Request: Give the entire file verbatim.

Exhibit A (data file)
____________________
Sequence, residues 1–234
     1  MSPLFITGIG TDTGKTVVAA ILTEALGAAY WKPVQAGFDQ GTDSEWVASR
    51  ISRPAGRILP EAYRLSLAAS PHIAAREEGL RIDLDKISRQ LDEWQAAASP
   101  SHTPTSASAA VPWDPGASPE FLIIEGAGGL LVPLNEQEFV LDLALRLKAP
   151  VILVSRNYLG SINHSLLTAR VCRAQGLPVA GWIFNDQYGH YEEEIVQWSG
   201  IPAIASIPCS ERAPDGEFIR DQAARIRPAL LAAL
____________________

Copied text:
Sequence, residues 1–234
     1  MSPLFITGIG TDTGKTVVAA ILTEALGAAY WKPVQAGFDQ GTDSEWVASR
    51  ISRPAGRILP EAYRLSLAAS PHIAAREEGL RIDLDKISRQ LDEWQAAASP
   101  SHTPTSASAA VPWDPGASPE FLIIEGAGGL LVPLNEQEFV LDLALRLKAP
   151  VILVSRNYLG SINHSLLTAR VCRAQGLPVA GWIFNDQYGH YEEEIVQWSG
   201  IPAIASIPCS ERAPDGEFIR DQAARIRPAL LAAL